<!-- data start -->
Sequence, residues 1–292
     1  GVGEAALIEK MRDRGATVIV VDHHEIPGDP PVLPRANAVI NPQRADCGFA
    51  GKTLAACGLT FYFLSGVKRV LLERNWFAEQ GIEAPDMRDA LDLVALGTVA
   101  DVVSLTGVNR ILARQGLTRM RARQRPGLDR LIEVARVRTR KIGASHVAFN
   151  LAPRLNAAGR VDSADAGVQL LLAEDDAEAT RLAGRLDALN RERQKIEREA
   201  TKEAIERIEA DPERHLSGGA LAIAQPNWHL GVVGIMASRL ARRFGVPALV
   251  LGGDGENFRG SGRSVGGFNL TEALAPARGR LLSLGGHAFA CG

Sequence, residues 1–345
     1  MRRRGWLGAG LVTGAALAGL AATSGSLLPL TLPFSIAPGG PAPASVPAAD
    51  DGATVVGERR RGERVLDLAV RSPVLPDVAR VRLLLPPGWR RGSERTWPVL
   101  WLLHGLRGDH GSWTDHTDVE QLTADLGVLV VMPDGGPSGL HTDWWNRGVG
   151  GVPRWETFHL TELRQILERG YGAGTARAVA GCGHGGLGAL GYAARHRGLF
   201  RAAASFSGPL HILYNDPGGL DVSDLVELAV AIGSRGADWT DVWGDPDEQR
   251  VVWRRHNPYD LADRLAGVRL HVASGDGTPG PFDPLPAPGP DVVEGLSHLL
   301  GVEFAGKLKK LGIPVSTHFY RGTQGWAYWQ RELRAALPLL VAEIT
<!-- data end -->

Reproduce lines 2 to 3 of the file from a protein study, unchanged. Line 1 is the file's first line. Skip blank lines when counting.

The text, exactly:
     1  GVGEAALIEK MRDRGATVIV VDHHEIPGDP PVLPRANAVI NPQRADCGFA
    51  GKTLAACGLT FYFLSGVKRV LLERNWFAEQ GIEAPDMRDA LDLVALGTVA